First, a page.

Heart of Steel: Based on a True Story by Kevin Miller takes us back in time to rural Ohio in 1920 – to the Puchalski Farm just out of Southington, Ohio. Family patriarch George Puchalski, a Polish immigrant, has made a success of his “American Dream” as a respected businessman and farmer in the rural district. George, however, has his demons, with a wandering eye, a violent temper, and an alcoholic disposition, which are expressed with rage and violence against, his wife, and children. After one particularly violent episode in which his wife and daughter, Sophie are both viciously beaten, the family is in turmoil. When George is murdered in his bed, one night and his wife arrested for complicity in his murder, the five siblings suddenly find themselves as orphans. It falls on twelve-year-old Stanley William Puchalski to step up and become a “little man”, in order to protect his siblings from the abuses that are inherent in Orphanages of the time. We follow Stanley’s rights of passage into adulthood, as Stanley William Puchalski transforms himself into Stanley William Miller, as the five children seek to put their violent pasts behind them, forever.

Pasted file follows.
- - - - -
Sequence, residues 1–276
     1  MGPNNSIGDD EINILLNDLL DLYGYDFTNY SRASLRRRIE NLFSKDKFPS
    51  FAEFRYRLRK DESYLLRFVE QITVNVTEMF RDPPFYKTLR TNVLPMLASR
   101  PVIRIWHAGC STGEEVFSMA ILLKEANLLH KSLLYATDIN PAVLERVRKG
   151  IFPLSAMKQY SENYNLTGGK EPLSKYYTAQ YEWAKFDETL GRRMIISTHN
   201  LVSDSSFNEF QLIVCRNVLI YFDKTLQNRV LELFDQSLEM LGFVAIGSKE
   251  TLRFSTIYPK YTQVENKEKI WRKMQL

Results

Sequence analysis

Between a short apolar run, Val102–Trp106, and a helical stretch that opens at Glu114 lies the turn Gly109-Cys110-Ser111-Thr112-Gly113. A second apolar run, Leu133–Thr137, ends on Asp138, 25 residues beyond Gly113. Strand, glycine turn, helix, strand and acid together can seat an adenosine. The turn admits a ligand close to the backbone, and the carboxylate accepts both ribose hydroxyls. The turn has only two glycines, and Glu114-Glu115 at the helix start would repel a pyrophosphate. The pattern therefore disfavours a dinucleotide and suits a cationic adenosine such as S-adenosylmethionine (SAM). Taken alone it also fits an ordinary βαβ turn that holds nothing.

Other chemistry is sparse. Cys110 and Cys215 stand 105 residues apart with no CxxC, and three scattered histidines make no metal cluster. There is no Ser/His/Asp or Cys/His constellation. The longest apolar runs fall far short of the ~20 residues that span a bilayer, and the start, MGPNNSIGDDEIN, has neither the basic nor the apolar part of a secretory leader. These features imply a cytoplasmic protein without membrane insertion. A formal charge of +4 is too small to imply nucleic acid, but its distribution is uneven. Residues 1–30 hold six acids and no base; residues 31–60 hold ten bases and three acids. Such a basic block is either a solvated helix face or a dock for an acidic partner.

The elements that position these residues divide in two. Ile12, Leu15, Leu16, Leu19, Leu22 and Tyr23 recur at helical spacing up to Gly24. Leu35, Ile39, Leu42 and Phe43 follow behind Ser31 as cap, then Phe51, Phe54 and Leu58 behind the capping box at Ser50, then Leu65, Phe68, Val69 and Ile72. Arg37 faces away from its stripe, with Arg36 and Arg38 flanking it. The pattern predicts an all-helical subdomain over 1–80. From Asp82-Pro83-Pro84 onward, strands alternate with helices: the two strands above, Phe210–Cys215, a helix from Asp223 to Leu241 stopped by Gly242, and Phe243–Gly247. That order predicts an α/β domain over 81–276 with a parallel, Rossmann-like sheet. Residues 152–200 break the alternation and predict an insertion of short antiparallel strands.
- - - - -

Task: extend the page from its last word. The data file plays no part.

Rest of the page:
Author Kevin Miller has taken a gamble in writing about such a hidden and violent past from his ancestors. This is never an easy task, as it is difficult to be objective when dealing with family histories, with so many sensitivities to be aware of. In Heart of Steel: Based on a True Story, Miller handles the difficult teenage years of his grandfather with clear pride, but also tempered with an understanding that this young man, forced to grow up so early, was also stalked by demons, similar to his father. He was able to give the character a wonderful balance between his clearly big heart and his burgeoning wild side. I particularly loved the determination and courage Stanley showed in taking responsibility for his four siblings at such a tender age. The author’s pride in his grandfather’s courage shines through this book like a beacon, as does the love between his grandfather and grandmother. This story is one, first and foremost, of love – a mother’s love for her children that would drive her to commit and unspeakable act and the love of five siblings for each other and ultimately both of their parents. I thoroughly enjoyed the overarching them of forgiveness that ran through the narrative. This is a fantastically easy book to read and one I would highly recommend to anyone who loves historical fiction and family drama, or simply anyone who loves a good tale, especially with a basis in fact.